of course. No one would lie about a perfect rags-to-riches story and claim to be making a seven-digit income while arguing on the internet. However, I'm afraid your anecdotal evidence is a sharp exception. For most of the nation, there is little to no upward mobility, largely because cost of living is not met by wages earned, because income is not keyed to inflation. When prices go up but your paycheck stays the same, you are actually becoming poorer. This prevents mobility.


With that said, there are people who suffer from generational poverty. Most of these folks, particularly in the US, can't move up because they get sucked into the poverty life where having children out of wedlock is the norm, dropping out of high school, and a whole host of other cultural dysfunctional factors that prevent them from moving up. This is exacerbated by the fact that our economy is getting harder to compete in when you are not educated due to technological advancements and global competition.


And how, pray tell, does one gather such an education, with costs for education being so magnificently inflated? There are no shortage of young people coming out of college with worthless MBA's and crippling debt. How is this helping them? Tell me, should they simply accept starvation wages that by design keep them on starvation wages? This has been the experience of no small number of people who have met every standard you just set for them, only to have their "value" set to zero by "the market." Because, again, when labor is allowed no say in its own valuation, that value will inevitably be as close to zero as possible.

And I wonder what you believe should happen to those people who just happen to not be very smart or skilled. They exist, without a doubt. Should these people be condemned to live under the poverty line, scraping change out of gutters just to try to get by?


The social programs you mention are available because politicians realized they could buy votes with other people's money. We now have one party (Democrats) whose entire platform is pretty much based on taking from one person and giving to another. The programs have been ineffective and in many cases serve to trap people in poverty. Govt has spent a trillion dollars on the war on poverty and made ZERO progress in eradicating poverty over the past 50 years.


Funny then, about the states with the largest receipt of those programs being pretty solidly "red," huh? here's a challenge for you. Go to an Alabama trailer park. Find me a Republican voter there who isn't receiving TANF. In the same trailer park, find me a TANF recipient who votes for whatever party they want, who isn't also running themselves ragged at work for $7.25 /hr. Possibly at two jobs. Likely their spouse is as well. yet still ending up broke enough to be in a trailer park and receiving food stamps.

It's rhetorical of course, I don't expect someone with a seven-figure income to traipse around an Alabama trailer park. Especially when they could be so much more productive arguing with me on ATS.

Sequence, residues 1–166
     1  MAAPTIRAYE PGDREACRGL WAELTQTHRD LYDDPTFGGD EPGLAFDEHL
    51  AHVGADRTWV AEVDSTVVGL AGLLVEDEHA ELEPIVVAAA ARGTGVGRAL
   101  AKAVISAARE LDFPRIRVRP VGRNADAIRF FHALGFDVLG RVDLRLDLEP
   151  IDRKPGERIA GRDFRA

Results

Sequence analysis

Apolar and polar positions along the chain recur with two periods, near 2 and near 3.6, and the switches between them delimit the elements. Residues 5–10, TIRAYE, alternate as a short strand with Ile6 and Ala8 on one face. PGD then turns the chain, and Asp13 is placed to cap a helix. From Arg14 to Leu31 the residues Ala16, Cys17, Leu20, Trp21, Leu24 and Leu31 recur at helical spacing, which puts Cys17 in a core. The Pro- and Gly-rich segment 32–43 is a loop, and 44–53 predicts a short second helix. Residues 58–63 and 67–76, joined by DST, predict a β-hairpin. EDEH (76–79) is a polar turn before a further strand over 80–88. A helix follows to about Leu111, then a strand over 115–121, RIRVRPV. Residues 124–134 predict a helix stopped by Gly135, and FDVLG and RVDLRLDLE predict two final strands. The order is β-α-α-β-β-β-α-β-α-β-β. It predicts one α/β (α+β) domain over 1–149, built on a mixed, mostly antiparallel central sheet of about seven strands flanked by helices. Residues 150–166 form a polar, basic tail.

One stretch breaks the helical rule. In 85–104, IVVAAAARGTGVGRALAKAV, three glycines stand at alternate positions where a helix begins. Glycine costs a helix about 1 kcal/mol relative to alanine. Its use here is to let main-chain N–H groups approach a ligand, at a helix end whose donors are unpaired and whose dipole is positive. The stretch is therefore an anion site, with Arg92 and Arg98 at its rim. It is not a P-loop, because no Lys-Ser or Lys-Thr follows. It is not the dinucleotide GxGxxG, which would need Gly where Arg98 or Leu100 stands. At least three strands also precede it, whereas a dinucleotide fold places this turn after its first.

The government has spent over a trillion dollars on the war on poverty since 1964, that's true. For perspective though, the United states has spent five trillion fighting its "War on Terror" in since 2001, and since 1971, well over one trillion has been spent on the "Drug War" (operations alone, I found no solid figure for the cost of incarcerations, trials, and of course, there's no sufficient way to apply cash valuation to lives lost)

Of these three, which has been more successful in terms of cost:benefit? Of these three, only one has produced worse results for the American people when its funding is cut. And it's not the war on terror or the war on drugs. Fact is, the war on poverty was getting damn good results until its programs began getting chopped apart and defunded. Do you know why that is? Please, I want to hear your thoughts on that.
edit on 23-1-2015 by TheTengriist because: (no reason given)



posted on Jan, 23 2015 @ 04:25 PM
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originally posted by: Jamie1

The alternative to investment income is ALWAYS being forced to trade your time for money.
.


Which, IMHO shouldn't be tagged as "income" either because, really, aren't you kind of breaking even? A fair trade. Why should that be taxed?



posted on Jan, 23 2015 @ 06:49 PM
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a reply to: TheTengriist

A person's worth is determined by supply and demand. It has nothing to do with what the business wants to pay or what the employee wants to be paid. The free market determines the inflection point which is that person's salary. This is why as I stated in some areas fast food works make well above minimum wage where in other areas minimum wage is the standard. This is basic economics.

Competition among employers can actually raise wages when employers feel they have to pay more for better employees. This is why new lawyers who graduate from say Harvard can command $160k/yr where law grad from any third tier law school can barely find a job. You have way more lawyers than you have Harvard trained lawyers. So the Harvard ones can command a premium. Basic supply and demand.

If you believe businesses are being greedy, then stop talking shizz on a message board and start a business that pays your employees $50/hr or whatever you think is a fair living wage. Nothing is stopping you from running the business as you see fit.

Simple question, if we can eliminate poverty by simply raising the minimum wage, why not pay everyone at least $100/hr? Why stop at $15/hr? Surely $100 is better than $15, right?



posted on Jan, 23 2015 @ 07:04 PM
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a reply to: Edumakated

I agree with you. When aII is said and done the money is supposed to be circulated. The banker, landlord or whoever did not create new wealth, is supposed to spend the money on other services. The only problem is when the money is hoarded and does not circulate. Yeah nothing new is directly created, but, but indirectly it is.

Unfortunately, most money is invested in new war technologies. I say take the money outta war and put it into science.

edit on 23-1-2015 by ogbert because: (no reason given)



posted on Jan, 23 2015 @ 07:48 PM
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a reply to: Edumakated

You are completely off topic, here is a thread about minimum wage use it if thats what you want to discuss! The topic of this thread is wealth extraction vs wealth creation.